You speak the truth about the conditions of our planet, its atmoshpere and biological systems. For that, you are criticized by those who want to deny the extent of the cancer we are inflicting upon our earth – our home.
    I commented to you several weeks ago that you are pointing in the wrong direction by chastizing the 'viscious' corporations when it is really us consumers who demand the oil, paper, extra fries and McMansions equipped with large screen plasma screens in every room. I was pleased to see you call them (us) 'fat-assed Americans'.
    A vivid description; but the darker side of fat asses is they (we) have to pay our mortgages, credit card debts, college loans and higher energy costs. Those of us not wrapped in the rapture are growing scared and anxious.
    They (we) need to hear there is something out there looking out for our best interests and – not surprisingly though sadly – there is no time or investment in conserving our way out of America's downward spiral.
    Certainly our US Treasury is bankrupt and Congress cannot find the extra dollars to subsidize this winter's heating costs for poor and elderly.
    You might shut me off at this point but I propose that we continue talking outloud of the hopelessness of our predicament and paint as bleak a picture of the future as Wall Street can tolerate.
    It is not the federal government that will regulate a remedy or buy us out of this mess — there is no money in the cookie jar.
    Private sector has been our drug dealer and will continue to supply whatever we are willing to buy. It is also the harvest of talent, capital and long-term vested, economic and other personal gain interests needed to make the changes you and I know are almost beyond reach.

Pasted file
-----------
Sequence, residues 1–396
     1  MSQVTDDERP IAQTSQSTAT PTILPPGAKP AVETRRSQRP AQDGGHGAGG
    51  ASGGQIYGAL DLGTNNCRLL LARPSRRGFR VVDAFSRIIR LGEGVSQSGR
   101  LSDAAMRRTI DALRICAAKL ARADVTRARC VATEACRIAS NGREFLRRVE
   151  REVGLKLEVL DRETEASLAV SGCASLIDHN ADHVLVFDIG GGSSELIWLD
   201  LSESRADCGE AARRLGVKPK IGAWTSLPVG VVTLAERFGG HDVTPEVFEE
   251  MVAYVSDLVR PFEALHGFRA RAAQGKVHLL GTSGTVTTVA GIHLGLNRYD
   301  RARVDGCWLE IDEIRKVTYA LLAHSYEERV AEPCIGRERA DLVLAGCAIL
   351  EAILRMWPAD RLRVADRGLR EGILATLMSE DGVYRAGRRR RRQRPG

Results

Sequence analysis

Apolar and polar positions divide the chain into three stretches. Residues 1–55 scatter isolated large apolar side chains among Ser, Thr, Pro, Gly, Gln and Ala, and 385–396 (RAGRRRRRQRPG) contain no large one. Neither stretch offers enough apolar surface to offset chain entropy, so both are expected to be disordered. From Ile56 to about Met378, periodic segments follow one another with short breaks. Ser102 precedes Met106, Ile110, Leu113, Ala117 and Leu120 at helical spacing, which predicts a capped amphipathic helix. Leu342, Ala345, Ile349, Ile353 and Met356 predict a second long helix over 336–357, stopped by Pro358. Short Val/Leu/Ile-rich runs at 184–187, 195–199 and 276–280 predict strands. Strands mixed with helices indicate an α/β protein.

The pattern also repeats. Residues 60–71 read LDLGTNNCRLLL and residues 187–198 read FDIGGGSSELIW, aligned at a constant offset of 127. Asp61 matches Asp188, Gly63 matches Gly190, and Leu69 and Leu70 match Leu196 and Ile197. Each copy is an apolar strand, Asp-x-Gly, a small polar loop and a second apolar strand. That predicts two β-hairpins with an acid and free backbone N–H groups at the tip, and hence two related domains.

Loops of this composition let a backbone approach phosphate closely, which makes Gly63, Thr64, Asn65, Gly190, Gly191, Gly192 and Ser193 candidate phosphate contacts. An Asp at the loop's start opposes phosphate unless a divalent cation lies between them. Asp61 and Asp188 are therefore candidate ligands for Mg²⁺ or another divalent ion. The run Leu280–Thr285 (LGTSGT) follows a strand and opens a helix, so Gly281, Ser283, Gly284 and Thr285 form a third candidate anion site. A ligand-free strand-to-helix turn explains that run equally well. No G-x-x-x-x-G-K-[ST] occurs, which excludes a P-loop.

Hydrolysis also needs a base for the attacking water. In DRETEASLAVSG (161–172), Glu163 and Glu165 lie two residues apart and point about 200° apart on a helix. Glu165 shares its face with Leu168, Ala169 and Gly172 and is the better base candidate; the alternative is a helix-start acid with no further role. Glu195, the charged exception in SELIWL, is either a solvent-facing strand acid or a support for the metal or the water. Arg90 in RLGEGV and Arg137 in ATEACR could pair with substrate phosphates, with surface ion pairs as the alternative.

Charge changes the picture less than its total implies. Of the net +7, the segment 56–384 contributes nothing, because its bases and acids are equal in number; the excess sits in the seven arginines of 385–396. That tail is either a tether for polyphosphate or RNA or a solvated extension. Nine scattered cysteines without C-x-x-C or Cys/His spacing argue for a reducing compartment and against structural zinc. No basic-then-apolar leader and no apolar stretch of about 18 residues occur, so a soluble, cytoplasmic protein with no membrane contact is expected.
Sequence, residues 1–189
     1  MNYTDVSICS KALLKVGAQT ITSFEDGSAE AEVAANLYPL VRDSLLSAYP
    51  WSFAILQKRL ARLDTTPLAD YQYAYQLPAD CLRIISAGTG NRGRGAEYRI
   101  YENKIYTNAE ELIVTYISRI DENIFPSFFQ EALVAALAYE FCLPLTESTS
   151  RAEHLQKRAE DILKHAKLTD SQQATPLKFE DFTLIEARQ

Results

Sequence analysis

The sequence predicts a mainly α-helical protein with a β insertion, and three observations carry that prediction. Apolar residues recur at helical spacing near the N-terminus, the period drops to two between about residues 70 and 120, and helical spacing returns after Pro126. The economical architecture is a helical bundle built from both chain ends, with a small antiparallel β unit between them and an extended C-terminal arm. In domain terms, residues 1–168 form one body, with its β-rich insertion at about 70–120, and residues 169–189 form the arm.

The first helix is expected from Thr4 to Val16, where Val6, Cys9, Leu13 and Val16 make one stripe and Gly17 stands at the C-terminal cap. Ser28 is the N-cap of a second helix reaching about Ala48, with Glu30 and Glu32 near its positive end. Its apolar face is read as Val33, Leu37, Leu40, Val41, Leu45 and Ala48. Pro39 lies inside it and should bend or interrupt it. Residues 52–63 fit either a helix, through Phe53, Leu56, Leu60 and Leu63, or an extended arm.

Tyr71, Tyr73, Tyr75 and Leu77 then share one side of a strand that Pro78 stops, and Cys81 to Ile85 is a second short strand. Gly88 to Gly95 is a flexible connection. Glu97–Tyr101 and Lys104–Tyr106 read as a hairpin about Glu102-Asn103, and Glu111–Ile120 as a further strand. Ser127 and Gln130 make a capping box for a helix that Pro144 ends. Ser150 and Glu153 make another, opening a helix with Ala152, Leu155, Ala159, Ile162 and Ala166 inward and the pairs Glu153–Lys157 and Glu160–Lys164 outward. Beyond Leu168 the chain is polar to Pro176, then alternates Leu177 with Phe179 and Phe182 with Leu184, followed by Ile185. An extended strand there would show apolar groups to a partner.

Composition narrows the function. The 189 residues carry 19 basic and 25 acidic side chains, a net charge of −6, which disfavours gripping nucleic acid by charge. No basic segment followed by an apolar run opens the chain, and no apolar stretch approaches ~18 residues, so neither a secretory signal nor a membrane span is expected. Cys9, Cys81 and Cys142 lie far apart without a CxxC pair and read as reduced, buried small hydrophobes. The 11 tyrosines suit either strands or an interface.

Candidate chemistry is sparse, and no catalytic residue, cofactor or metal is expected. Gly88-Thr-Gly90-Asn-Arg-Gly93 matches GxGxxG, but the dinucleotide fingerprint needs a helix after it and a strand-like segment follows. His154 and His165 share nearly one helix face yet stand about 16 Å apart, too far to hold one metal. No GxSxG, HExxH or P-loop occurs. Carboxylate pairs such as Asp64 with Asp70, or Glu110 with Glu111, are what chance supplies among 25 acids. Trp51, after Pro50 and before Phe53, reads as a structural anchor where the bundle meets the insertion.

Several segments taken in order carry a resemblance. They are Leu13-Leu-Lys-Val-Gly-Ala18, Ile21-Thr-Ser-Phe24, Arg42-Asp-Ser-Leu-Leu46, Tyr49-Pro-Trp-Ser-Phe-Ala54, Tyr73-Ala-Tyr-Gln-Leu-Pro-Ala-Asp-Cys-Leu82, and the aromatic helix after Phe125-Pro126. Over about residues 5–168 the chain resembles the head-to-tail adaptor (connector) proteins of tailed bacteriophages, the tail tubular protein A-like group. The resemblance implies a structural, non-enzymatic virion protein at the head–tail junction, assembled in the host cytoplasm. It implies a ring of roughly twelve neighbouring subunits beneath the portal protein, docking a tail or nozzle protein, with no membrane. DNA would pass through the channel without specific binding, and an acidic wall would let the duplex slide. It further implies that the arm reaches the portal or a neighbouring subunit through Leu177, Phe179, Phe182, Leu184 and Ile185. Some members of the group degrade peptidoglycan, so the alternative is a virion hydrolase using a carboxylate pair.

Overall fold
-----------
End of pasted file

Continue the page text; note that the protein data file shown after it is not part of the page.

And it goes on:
I believe pension funds, mutual funds, investment speculators share some of our concerns. WE know the insurance industry is coming around to our understanding of the penalties of business as usual.
    Are you ready to “Speak truthfully about the
    Earth's condition, diagnosing the situation using the best possible
    ecological science and ecological intuition. And propose only solutions
    of a magnitude likely to be sufficient in providing long-term solutions.” to the private sector and get it to see its long term interests are severely impacted by what you know to be the truth? ….long sentence and a much longer path not travelled.
    John McCormick

  4. I want the society i live in today to appericate thoes of us who are willing to live simple in order to preserve the world for our future generations. I want our leaders to take action and more involvement in makeing that possible. Give us the renewable energy that we want now before you destroy our worlds natural resourses.

  5. Does the use of “liquid coal” or “biomass” used in diesel type engines, give off some 20% less carbon pollutants compared with traditional fuels? What is the state of CTL (coal to liquid) technology?
    Does CTL include coal to oil, and what other fuels that will burn efficiently in diesel-type engines? Who is doing research in these technologies?

  6. WaltDe says:

    Very good reading. Peace until next time.

  7. Oil Drilling Bits

    Instead, she says, environmental restrictions were actually weak

  8. Acid Rain says:

    Acid Rain

    As lakes become more acidic biodiversity is reduced. It has harmful effects on

  9. Clay Graves says:

    Re.McCormic's comment:Many
    people, including me, certainly agree with your
    stand. Consumers are supplying the money to con-
    tinue the demand for paper and oil,etc., yes.
    The megacorps continue to messmerize us to conform, by their control and thoro use of the media.
    It makes it very hard for
    consumers to wake up from bein lulled, in order to
    stop supporting the corpor-
    ate greed.
    Looks like it will take
    more trauma than high
    gasoline prices to wake us
    up enough to start an effec-
    tive revolution vs corporate
    gluttony; OR do we really enjoy being the victims of vampirism, too much in order to take united action?
    The more blood given,
    the stronger the vampire.